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By Wael Abbas
Sunday, May 27, 2007

CAIRO Last Thursday, I returned to my country, Egypt, after several weeks in the United States on a Freedom House fellowship. I came home full of anxiety. I feared that the authorities would arrest me as soon as I set foot on Egyptian soil.

That didn't happen. But as I went through the airport arrival procedures, I felt that I was being closely watched and followed. Men using walkie-talkies observed me from a distance. When I joined my family members outside the terminal, they, too, told me that they had been watched while waiting for me.

I could still be arrested. And if I am, it will be because I dared to speak the truth about President Hosni Mubarak's regime, which continues to receive billions in foreign aid from the U.S. government -- including funds ostensibly intended to support democracy. It will be because I dared to expose the actions that have made Mubarak's administration one of the world's foremost violators of human rights, according to human rights organizations including Amnesty International, Human Rights Watch and Freedom House.

I am an Egyptian blogger. And the Mubarak regime is out to get me and others like me.

It is engaged in an all-out campaign against those of us who use the Internet to report the truth about what is happening in Egypt. It is spreading rumors about us and targeting us for character assassination. Judges allied with the government have filed lawsuits against more than 50 bloggers, accusing them of blackmail and of defaming Egypt and demanding that their blogs be shut down. Meanwhile, security officials appear on television to claim that the bloggers are violating media and communications laws.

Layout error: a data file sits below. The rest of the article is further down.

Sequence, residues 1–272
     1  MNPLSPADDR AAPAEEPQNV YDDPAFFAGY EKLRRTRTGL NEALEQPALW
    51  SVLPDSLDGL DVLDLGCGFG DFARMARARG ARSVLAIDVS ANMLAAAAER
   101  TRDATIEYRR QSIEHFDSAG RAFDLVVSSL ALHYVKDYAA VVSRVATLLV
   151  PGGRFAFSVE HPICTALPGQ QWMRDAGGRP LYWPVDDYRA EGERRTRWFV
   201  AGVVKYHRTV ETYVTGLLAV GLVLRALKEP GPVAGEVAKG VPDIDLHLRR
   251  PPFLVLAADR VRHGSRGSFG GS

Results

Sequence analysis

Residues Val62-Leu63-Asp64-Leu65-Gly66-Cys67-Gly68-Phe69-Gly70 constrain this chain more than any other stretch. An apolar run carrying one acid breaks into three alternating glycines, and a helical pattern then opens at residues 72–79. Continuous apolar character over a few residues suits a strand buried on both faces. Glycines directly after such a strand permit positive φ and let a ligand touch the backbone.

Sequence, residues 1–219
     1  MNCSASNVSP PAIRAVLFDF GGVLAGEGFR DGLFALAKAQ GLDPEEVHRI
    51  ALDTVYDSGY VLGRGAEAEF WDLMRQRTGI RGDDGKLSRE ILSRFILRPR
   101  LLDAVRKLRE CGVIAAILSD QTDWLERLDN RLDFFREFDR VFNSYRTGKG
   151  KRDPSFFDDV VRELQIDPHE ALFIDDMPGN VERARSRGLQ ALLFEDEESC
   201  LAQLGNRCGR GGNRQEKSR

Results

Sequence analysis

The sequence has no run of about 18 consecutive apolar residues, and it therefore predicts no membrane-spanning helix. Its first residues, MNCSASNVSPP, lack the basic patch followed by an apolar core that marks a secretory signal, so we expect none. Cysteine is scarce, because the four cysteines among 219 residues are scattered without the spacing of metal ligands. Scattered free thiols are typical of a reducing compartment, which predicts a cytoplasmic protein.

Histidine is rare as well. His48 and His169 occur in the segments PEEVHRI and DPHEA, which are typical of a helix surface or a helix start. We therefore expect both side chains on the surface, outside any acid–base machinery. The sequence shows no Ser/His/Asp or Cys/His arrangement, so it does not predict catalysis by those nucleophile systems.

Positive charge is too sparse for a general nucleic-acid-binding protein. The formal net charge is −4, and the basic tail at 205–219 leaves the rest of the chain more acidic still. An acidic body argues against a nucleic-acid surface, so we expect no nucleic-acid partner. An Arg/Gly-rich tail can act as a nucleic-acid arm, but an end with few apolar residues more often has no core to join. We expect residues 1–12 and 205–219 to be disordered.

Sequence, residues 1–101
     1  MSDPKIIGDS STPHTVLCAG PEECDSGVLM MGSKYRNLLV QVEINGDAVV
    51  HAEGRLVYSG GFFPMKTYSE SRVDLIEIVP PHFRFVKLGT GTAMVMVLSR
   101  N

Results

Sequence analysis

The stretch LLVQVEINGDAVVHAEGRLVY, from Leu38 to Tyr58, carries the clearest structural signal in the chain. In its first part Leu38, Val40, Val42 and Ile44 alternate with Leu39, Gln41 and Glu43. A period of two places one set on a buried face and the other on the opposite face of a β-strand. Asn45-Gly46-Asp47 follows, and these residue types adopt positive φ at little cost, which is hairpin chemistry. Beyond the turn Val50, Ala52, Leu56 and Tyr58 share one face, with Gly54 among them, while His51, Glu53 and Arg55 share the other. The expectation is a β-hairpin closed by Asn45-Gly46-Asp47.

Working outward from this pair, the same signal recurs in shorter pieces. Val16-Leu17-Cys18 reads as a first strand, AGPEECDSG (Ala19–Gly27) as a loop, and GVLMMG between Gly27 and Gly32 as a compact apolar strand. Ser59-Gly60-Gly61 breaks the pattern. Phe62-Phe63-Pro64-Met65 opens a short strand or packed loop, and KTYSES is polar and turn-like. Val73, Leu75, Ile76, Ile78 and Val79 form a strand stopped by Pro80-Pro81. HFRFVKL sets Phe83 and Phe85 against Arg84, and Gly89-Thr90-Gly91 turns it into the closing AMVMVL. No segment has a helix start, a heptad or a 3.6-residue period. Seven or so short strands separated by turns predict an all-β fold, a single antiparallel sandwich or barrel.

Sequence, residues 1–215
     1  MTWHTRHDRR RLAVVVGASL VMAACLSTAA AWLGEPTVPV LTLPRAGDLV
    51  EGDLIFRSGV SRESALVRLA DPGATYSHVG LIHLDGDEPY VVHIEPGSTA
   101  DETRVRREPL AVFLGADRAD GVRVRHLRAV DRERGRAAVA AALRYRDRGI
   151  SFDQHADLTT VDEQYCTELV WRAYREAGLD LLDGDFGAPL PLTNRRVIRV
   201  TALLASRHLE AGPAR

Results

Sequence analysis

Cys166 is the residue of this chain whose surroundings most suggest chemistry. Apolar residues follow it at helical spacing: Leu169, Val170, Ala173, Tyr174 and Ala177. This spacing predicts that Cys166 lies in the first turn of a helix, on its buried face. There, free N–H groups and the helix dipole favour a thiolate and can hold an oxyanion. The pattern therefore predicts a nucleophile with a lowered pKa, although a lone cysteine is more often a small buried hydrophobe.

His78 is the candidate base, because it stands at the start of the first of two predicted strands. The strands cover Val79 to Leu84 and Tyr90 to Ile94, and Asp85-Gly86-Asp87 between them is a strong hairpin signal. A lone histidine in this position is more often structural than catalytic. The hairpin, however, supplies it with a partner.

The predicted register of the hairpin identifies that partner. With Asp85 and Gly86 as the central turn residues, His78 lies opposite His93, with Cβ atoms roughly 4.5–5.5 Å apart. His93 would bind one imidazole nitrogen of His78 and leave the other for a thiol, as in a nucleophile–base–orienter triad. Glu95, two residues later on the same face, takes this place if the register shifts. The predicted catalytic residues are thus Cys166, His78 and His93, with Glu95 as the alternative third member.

Is this the kind of regime you want your tax money to support?

My story begins in late 2004, several months before the election in which Mubarak was already the preordained winner. People, however, were fed up. After 25 years under this regime, Egyptians had lost all hope of prosperity and of ever being offered economic solutions.

New political movements, such as Kifaya (which means "enough" and is the moniker for the Egyptian Movement for Change), began to call for reform. They held street demonstrations, chanting anti-Mubarak slogans. But no journalists dared cover the protests because of the thousands of security officials who surrounded the activists. So the Egyptian people knew nothing about what was going on.

That's when we bloggers decided to take matters into our own hands. We believed in the people's right to know. I took photos and video footage of the demonstrations and posted them on the Internet, restricting my comments to simple explanations of what was in the pictures. You can write a book and it can all be lies, but one picture can tell the whole story truthfully.

Almost all the opposition and independent newspapers used my photos. I was annoyed at first when some of them stole the material from my blog without crediting me, but in the end I came to feel that it was all right, as long as the message reached the people.

I had about 30,000 visits to my Web site each month. But in May 2005, the situation changed dramatically. On the day of the presidential election, Kifaya, the socialists, the liberals and some Islamists took to the streets to call for a boycott. This time, Mubarak used a new technique. His political party, the National Democratic Party, paid thugs and criminals 20 Egyptian pounds per person (a little over $3) to demonstrate in support of him. The thugs attacked the peaceful demonstrators, tore and burned their banners, sexually harassed female (and some male) activists and journalists. They tore the clothes off one female journalist. I saw men pulling the jeans off a young man and beating him on the buttocks.

I was able to take pictures of what was going on; I was even able to interview one of the thugs, who confessed that he had been paid and that he and others had been brought by bus from the slums specifically to disrupt the peaceful demonstrations. I published the photos and the interview on my blog, and my site received half a million hits in two days. It caused a huge scandal for the government. Newspapers wrote about it for months.


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© 2007 The Washington Post Company

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